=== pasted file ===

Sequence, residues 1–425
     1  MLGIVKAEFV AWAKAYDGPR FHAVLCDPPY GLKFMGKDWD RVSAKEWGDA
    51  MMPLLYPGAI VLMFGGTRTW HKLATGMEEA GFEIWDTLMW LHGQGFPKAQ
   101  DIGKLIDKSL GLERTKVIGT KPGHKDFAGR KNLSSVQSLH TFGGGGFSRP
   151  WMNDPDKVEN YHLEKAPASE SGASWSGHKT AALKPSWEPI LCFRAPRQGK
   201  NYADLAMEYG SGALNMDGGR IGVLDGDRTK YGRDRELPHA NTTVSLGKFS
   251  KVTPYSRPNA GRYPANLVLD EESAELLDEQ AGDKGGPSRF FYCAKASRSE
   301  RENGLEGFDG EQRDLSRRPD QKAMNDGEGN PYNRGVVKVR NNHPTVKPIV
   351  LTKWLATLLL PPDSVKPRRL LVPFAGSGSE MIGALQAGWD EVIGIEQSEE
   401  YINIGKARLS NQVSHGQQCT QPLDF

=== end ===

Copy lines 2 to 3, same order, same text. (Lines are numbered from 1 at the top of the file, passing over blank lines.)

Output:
     1  MLGIVKAEFV AWAKAYDGPR FHAVLCDPPY GLKFMGKDWD RVSAKEWGDA
    51  MMPLLYPGAI VLMFGGTRTW HKLATGMEEA GFEIWDTLMW LHGQGFPKAQ